In Spring 2004, Omidyar Network created a set of collaborative tools to facilitate our work as an organization. We found it useful, and a few months later in July 2004, we opened up access to the tool set to anyone and everyone working toward making the world a better place.
We chose the approach of a self-managed community in the hope people would find shared interests and discover their power to make good things happen. Indeed, in the three years since we opened the omidyar.net tool for external use, thousands of members have met, posted, discussed and collaborated in the many groups and discussions and workspace pages on omidyar.net. And while the connections may have been made here, the positive impact has spread to many other online communities as well as real world communities across the globe. Through several experimental and experiential collaborative funding projects, the omidyar.net community has directed thousands of dollars to organizations making good things happen around the world.
This summer, instead of deciding where to direct funding, omidyar.net members will decide how to migrate to other community platforms.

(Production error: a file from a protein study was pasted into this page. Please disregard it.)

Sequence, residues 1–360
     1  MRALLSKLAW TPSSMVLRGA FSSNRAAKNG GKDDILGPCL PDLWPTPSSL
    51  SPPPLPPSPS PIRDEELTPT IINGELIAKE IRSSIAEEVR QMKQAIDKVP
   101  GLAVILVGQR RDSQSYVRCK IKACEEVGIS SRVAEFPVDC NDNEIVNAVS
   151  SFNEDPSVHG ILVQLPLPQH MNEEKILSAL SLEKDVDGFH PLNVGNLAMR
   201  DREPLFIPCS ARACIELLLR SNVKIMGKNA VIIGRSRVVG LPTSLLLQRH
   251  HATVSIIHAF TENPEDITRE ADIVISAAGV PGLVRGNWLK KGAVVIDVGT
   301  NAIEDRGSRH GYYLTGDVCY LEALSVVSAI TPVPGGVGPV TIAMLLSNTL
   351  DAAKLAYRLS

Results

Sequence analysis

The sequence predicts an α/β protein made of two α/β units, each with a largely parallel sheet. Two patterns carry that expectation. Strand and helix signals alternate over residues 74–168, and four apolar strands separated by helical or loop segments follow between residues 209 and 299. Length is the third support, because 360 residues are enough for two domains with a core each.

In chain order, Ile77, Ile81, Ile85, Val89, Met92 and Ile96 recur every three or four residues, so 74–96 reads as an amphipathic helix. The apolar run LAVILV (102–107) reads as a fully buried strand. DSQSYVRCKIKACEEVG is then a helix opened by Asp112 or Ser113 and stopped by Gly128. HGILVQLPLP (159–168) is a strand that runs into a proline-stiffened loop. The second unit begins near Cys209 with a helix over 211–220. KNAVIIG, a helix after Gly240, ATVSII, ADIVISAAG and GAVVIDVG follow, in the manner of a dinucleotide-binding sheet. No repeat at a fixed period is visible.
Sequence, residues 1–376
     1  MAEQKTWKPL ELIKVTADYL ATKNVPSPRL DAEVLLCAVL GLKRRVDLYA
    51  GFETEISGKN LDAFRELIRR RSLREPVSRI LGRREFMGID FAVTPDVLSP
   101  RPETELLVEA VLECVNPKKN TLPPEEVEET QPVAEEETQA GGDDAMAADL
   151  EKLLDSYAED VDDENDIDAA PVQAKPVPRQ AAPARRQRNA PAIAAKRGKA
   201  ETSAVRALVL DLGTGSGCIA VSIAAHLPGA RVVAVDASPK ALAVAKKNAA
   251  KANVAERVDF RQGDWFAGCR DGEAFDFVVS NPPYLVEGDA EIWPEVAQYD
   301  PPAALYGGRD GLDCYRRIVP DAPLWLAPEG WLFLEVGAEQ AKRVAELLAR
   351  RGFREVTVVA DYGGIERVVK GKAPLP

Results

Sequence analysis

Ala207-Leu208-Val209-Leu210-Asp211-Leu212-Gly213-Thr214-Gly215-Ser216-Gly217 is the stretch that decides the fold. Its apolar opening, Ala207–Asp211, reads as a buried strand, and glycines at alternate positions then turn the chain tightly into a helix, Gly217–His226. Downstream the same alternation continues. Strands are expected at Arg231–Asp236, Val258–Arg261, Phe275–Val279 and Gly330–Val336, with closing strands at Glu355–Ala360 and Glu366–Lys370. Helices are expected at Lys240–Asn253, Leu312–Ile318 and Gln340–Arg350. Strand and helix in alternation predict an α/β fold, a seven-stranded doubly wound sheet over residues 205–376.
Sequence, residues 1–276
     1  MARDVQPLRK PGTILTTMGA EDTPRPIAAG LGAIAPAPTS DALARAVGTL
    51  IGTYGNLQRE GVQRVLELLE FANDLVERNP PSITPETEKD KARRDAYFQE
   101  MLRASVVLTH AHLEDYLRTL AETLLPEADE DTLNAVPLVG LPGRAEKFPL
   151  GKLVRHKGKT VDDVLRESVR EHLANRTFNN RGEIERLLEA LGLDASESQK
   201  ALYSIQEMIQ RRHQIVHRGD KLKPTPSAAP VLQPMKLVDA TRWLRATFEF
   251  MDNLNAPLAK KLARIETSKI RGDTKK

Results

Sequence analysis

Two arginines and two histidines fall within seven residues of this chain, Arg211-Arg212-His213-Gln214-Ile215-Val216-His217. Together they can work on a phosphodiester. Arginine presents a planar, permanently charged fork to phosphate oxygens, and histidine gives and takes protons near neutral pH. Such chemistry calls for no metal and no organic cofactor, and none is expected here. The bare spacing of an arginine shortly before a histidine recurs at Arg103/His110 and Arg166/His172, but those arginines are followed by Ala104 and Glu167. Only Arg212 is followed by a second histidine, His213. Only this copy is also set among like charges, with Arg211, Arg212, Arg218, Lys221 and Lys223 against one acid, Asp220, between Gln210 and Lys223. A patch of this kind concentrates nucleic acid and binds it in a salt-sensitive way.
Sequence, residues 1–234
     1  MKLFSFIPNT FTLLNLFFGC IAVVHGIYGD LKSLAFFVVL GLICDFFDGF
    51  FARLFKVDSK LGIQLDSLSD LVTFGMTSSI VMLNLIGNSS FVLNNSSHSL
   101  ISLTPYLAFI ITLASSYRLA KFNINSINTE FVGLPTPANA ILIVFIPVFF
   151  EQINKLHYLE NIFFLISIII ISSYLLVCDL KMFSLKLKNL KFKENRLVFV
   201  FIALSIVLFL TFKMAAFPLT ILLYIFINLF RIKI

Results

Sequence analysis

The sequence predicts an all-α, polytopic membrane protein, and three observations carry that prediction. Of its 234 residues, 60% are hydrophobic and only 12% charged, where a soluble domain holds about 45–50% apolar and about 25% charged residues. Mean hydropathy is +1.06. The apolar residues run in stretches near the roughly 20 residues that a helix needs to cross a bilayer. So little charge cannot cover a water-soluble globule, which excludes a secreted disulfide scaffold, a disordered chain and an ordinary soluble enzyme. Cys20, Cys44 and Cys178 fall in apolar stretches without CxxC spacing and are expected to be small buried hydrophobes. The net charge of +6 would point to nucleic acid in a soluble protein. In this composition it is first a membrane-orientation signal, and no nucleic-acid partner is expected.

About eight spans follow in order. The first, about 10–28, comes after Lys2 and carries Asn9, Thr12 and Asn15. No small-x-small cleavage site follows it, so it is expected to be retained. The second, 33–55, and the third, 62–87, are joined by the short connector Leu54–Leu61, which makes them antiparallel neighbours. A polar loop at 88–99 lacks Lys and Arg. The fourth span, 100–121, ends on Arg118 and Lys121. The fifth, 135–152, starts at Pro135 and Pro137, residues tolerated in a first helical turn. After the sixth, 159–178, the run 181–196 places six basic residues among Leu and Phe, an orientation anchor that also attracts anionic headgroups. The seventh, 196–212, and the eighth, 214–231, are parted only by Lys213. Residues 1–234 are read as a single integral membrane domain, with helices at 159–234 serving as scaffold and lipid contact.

O.net is handling its closure with transparency, clarity, dignity and concern for the work that was created there by many hands. A number of us, a little tribe, that had formed around gifthub migrated to O.net when it opened. The tribe prospered there. Other tribes and individuals joined, and the tribes grew and mixed. Although I did not post there much in recent months I checked in almost every day. A key finding seems to be that these discussions around giving are issue specific, or "point of view" specific - tribal in a certain way. It is very difficult to create a tribe of tribes around giving because the people, areas of interest, personal styles, and passions are so different. Over and over I am learning the same lesson, without knowing quite how to draw the moral. A dispassionate, universal conversation about giving is dull - unbelievably dull. But to speak out with passion, from within your own perspective, your little community of value, can be divisive too. So, the answer that seems to have precipitated out of Omidyar is that we form smaller tribal giving discussion groups, and link them lightly. Yes, but at the same time, the greatest challenge remains America as a tribe of tribes. That was the Founder's challenge too. How, then, can we federate our giving conversations so that we can be both tribal around passion at certain moments, but also inclusive and embracing of other tribes at other times? I try to do both here, but am aware that I fail at it daily.